Las Meninas (1656) by Diego Velazquez

Las Meninas - Diego VELAZQUEZ - 1656

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Artwork Information

TitleLas Meninas
MediumOil on Canvas
Dimensions318 x 276 cm
Art MovementBaroque
Current LocationMuseo del Prado, Madrid

About Las Meninas

The artwork “Las Meninas,” created by the esteemed artist Diego Velázquez in 1656, is a quintessential example of Baroque genre painting. This oil on canvas masterpiece, which measures an impressive 318 by 276 cm, currently resides in the Museo del Prado in Madrid. Velázquez’s work is celebrated for its complex and intricate depiction of the Spanish royal court, as well as for its innovative approach to perspective and composition.

“Las Meninas” portrays a scene in the royal chamber, where Infanta Margaret Theresa, the daughter of King Philip IV of Spain, is surrounded by her attendants, including ladies-in-waiting (the ‘meninas’), court dwarfs, and a vigilant dog. In a striking play on perspective, Velázquez himself appears to the left of the canvas, paintbrush in hand, standing before a large easel. The precise nature of the work depicted on the easel is indiscernible, leading to much speculation about the layers of reality within the painting.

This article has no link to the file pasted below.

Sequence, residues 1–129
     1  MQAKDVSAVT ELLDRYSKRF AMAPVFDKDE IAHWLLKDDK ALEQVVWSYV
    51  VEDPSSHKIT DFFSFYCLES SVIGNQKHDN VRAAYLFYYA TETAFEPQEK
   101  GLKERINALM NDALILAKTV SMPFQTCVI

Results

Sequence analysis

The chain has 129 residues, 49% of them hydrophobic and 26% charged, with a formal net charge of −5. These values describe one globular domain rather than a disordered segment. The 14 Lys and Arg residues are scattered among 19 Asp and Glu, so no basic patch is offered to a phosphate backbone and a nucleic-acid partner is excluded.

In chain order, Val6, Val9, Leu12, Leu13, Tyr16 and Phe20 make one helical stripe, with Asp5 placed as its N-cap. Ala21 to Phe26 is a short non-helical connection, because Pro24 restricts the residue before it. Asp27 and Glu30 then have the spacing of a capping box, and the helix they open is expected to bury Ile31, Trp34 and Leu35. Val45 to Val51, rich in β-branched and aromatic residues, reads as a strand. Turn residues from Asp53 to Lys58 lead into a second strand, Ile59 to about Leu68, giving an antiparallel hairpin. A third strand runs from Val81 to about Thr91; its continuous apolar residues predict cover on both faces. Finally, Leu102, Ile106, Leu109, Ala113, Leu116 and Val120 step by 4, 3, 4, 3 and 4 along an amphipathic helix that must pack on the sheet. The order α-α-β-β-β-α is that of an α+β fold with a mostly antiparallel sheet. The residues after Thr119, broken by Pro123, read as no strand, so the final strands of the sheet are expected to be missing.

A mirror on the rear wall intriguingly reflects the upper bodies of the king and queen, suggesting they are the subjects being painted by Velázquez, or perhaps they are observers of the scene. This adds yet another dimension to the artwork’s exploration of sight and presence. The composition’s depth is further enhanced by the use of lighting, which streams in from an unseen source, illuminating the figures and creating deep shadows that contribute to the dramatic atmosphere characteristic of the Baroque movement. The artwork is renowned not only for its narrative complexity but also for its technical virtuosity, which continues to captivate viewers and art historians alike.

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